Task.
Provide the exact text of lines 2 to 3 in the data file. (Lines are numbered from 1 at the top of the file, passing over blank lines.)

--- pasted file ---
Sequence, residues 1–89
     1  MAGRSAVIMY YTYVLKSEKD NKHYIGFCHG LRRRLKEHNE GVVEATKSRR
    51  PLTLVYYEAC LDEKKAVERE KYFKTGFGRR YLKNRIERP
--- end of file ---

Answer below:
     1  MAGRSAVIMY YTYVLKSEKD NKHYIGFCHG LRRRLKEHNE GVVEATKSRR
    51  PLTLVYYEAC LDEKKAVERE KYFKTGFGRR YLKNRIERP